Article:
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Macedonian president won’t sign off on name deal with Greece

Macedonian president won’t sign off on name deal with Greece

June 14th, 2018 in International News

People read newspaper front pages a day after a Greek- Macedonian agreement, at a kiosk in Athens, on Wednesday, June 13, 2018. A historic deal ending a decades-long dispute between neighbors Greece and Macedonia over the latter's name met with mixed reactions in both countries Wednesday, with some welcoming the agreement and others horrified at what they see as unacceptable concessions. (AP Photo/Petros Giannakouris)

ATHENS, Greece (AP) — Macedonia’s president said Wednesday he would not sign off on a historic deal that would change the country’s name, the most potentially disruptive reaction so far to the agreement with Greece that has received diverging reactions in both countries.

President Gjorge Ivanov said the agreement, which would rename Macedonia as the Republic of North Macedonia, gave too many concessions to Greece.

“Such a harmful agreement, which is unique in the history of mankind, is shameful and unacceptable for me,” Ivanov said in a TV address. “It violates the Constitution (and) the laws … I will not legalize political illegal agreements.”

The deal reached by the prime ministers of the two countries is expected to be signed by their foreign ministers this weekend. After that, Macedonia’s parliament would vote on it, and if it is approved, Ivanov’s signature would be needed.

If the president refuses to sign, the deal would return to parliament for another vote. Ivanov would have to sign off on the agreement if it is passed a second time.

The name dispute, which has prevented Macedonia from joining international institutions such as NATO, has roused strong nationalist sentiments and poisoned the two countries’ relations since the Balkan country declared independence from Yugoslavia in 1991.

Greece argues that the term “Macedonia” implies a claim on the territory and ancient heritage of its own northern province of the same name — the birthplace of ancient warrior king Alexander the Great.

European Council President Donald Tusk and NATO Secretary-General Jens Stoltenberg issued a statement Wednesday welcoming the deal, but added a note of warning.

“We hope that this unique opportunity to relaunch the wider Western Balkan region’s European and Euro-Atlantic integration will not be wasted,” the statement said. “This agreement sets an example for others on how to consolidate peace and stability across the region.”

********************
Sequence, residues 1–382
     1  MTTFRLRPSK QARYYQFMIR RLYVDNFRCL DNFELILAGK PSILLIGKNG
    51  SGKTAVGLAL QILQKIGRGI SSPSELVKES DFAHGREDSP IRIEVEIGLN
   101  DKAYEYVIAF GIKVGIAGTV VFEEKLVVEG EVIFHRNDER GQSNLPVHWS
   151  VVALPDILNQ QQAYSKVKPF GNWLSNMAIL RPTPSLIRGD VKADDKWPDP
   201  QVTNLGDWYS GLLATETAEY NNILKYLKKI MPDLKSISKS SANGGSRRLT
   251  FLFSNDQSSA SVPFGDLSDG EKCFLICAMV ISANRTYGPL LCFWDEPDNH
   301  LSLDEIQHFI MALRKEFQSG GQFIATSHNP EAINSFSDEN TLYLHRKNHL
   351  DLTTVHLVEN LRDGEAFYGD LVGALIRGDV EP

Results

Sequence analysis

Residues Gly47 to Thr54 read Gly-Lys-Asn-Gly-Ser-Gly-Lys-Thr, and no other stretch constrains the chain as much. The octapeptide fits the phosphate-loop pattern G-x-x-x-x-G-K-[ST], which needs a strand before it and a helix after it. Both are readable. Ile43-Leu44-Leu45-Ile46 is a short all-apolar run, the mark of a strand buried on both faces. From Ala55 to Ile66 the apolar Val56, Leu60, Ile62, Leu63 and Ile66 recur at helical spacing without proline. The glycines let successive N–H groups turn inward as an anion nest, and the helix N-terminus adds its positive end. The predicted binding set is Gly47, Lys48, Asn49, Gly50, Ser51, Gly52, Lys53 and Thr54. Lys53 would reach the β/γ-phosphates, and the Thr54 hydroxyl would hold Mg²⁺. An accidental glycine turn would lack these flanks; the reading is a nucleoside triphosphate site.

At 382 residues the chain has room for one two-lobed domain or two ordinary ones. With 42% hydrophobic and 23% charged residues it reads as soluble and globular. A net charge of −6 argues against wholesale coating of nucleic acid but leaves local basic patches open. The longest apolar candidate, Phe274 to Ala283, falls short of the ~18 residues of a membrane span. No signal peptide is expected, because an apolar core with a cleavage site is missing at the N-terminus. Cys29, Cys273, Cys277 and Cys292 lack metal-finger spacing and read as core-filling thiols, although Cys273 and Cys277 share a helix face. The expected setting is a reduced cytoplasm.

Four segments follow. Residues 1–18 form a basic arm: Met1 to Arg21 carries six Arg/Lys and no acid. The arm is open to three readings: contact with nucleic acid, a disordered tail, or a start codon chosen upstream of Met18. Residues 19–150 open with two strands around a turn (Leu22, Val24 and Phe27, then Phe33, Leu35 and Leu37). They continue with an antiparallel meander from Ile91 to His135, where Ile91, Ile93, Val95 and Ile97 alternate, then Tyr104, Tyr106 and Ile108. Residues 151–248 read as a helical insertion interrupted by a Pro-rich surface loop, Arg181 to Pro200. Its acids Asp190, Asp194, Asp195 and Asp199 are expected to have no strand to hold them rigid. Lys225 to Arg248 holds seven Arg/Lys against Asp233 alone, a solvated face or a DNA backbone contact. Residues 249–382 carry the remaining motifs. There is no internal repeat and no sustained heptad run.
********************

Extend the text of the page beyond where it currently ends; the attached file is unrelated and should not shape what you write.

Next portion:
The two prime ministers’ efforts to forge an agreement face strong dissent, with opponents staging large protests on both sides of the border. The issue threatened to split Greece’s governing coalition, and provoked a rift between Macedonia’s Prime Minister Zoran Zaev and Ivanov.

“Everything that is sacred to Macedonia is being trampled underfoot, and the unborn are deprived of the right and pride to be Macedonians,” Ivanov said in his address.

Calls were circulating on Macedonian social media for a renewed street protest late Wednesday, while Greek opponents of the deal are planning a rally in Athens on Friday. Hardliners on both sides are arguing that their prime ministers conceded too much to reach the deal. In Macedonia, Zaev has said he will put the deal to a referendum in the fall.

Zaev, accompanied by Foreign Minister Nikola Dimitrov, visited Ivanov Wednesday to brief him on the deal. But Ivanov refused to discuss the issue.

“President Ivanov … left the meeting, refusing to talk about the achievements of this historical agreement,” the government said in a statement.

“I think Prime Minister Zaev’s most difficult task will be to actually explain the deal, to build political consensus for the implementation and, of course, the upcoming referendum,” said political analyst Petar Arsovski.

Greek Prime Minister Alexis Tsipras also faces opposition at home.

Defense Minister Panos Kammenos, whose right-wing Independent Greeks party is the coalition partner in Tsipras’ government, said he would oppose an agreement in a parliamentary vote. This would leave the left-wing prime minister dependent on support from political opponents to ratify the deal in parliament.

Kyriakos Mitsotakis, the head of New Democracy, Greece’s main opposition party, described the agreement as “deeply problematic” and called on Greece’s president to intervene so the deal can be debated in parliament before it is signed, instead of after.